The Art World has undergone a second pop invasion—this time it’s authentic pop, and The Museum of Modern Art has slipped into a warm bath with its razor to kill itself like a Roman Senator. Everybody’s picking on Klaus Biesenbach, with some justification, but I would like to offer a piece of management advice from Steve Wynn of Las Vegas: “Of course you fire the fool, but then you fire the fool who hired the fool.” Biesenbach is far from the sole offender. Here’s a short recap.
There have been exhibitions in New York and Los Angeles showing the work of Tim Burton, an artist if there never was one. There is a TV ad in which members of Marina Abramović’s cult, in white robes and white kicks, carry rocks and advertise Adidas with performance art. On Herr Biesenbach’s celebrity score card there was a retrospective of Kraftwerk, a German band as old as I am; there was Tilda Swinton playing Chris Burden, from 1972, in a glass box in the lobby at MOMA; there was another Abramović spectacle during which the sight-impaired, self-anointed “godmother of performance art” pretended to stare at people she couldn’t see at that distance, with a sidebar of Jerry Saltz dancing with Jay Z at Pace Gallery; and then the Tower of Bjork rose, elevating that fetching elf well above her pay-grade and current popularity. The audio guide alone, I suspect, will soon become a treasure of goofiness for “pickers” and “Oops” collectors. But wait! Here comes Yoko Ono, lifting from the horizon like a gold orb for a show later this year.
Add this Biesenbockery to the movement to have Kanye West curate the Venice Biennial; the show at Pace in which James Franco advertises his ignorance of Cindy Sherman; the new Gagosian publication (164, four-color pages) that promotes art so dead that it feels like an estate catalog (there is nothing in the book that a living mortal might actually buy or from which a living artist might find a soupçon of inspiration); and then there was the David Bowie show at the MCA in Chicago that was not not half-bad because David is only half-square (and because the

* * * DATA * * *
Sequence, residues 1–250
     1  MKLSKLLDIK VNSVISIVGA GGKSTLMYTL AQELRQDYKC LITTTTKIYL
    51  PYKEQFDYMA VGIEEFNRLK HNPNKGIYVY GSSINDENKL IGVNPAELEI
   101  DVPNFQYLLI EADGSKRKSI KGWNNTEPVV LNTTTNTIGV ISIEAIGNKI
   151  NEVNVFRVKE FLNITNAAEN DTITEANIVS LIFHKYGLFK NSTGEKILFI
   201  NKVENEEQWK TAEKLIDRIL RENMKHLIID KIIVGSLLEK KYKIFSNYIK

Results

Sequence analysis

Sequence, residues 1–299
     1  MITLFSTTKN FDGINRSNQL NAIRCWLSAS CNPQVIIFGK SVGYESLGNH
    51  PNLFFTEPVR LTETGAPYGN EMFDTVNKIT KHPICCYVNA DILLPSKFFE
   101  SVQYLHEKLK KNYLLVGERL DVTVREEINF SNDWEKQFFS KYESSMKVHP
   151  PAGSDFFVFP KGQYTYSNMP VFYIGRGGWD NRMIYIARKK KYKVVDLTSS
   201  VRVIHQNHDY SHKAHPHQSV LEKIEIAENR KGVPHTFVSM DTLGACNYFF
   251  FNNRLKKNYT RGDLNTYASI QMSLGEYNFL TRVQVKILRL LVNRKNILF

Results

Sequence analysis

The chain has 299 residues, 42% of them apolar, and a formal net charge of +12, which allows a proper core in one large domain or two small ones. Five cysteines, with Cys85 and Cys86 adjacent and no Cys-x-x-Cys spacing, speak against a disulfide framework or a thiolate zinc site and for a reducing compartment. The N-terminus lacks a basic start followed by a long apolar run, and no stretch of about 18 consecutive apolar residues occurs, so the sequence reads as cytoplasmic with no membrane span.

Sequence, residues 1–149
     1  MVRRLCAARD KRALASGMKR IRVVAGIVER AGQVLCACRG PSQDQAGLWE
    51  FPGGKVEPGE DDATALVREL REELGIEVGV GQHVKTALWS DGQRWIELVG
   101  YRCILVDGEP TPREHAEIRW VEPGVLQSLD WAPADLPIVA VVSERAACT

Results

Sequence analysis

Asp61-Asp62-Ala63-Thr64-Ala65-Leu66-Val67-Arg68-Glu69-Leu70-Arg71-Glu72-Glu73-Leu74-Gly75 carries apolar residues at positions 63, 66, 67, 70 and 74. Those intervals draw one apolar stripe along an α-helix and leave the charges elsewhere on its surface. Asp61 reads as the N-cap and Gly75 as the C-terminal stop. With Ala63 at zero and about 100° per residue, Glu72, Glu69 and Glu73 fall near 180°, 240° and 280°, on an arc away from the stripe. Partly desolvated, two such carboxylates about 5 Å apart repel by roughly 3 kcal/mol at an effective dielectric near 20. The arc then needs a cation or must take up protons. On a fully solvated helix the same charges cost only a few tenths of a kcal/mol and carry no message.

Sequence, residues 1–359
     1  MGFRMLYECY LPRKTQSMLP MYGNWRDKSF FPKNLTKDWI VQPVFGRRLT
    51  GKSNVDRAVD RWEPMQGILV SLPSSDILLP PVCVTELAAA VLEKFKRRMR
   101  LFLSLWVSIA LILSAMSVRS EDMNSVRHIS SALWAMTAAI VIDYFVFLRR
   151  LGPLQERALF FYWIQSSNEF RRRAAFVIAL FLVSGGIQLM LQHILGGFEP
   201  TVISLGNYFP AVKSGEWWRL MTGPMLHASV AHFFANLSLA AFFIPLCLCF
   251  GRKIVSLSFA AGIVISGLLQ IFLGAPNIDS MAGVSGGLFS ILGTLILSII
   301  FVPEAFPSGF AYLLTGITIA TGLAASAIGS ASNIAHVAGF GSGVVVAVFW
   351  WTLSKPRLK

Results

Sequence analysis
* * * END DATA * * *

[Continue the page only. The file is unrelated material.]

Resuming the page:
V&A put it together). And this is just the froth. If you add these bubbles to the fact that none of these shows were particularly successful or of any cultural consequence, you get the idea.
My first idea: art is not a growth industry: the bigger it gets, the worser it gets. Every time. Check out the Victor Emmanuel in Rome. More art and more sales mean nothing good, because art is no longer important. Matisse in his glory is chopped liver compared to Bjork, because art isn’t news anymore. There is more exhibition space in the USA than art that demands exhibition. This is the invasion of the comics.
It’s over, and I have some ideas about this circumstance: first, museums are going for a gate with popular culture, which is measured by its gross audience. This is a much better draw than fine art that censors its audience to build a visionary culture. Censor the audience! Oh my God! Second, any of these exhibitions would have been fun at the Smithsonian, which glories in the rag-tag and mediocre. At the Smithsonian, these shows could have helped the gate without disrespecting the grander and more serious co-habitants in the institution. The Smithsonian is a web page anyway, and not a bad one, so perhaps museums are running in that direction, toward the World Fair format that is best exemplified in the art world by that Venice Biennale. At any rate the spaces expand because there is money to build and expand museums, but no money to sustain them or pay the staff—thus there are fools-on-board squandering Daddy’s Money on exotic cocktails and hard-card invitations.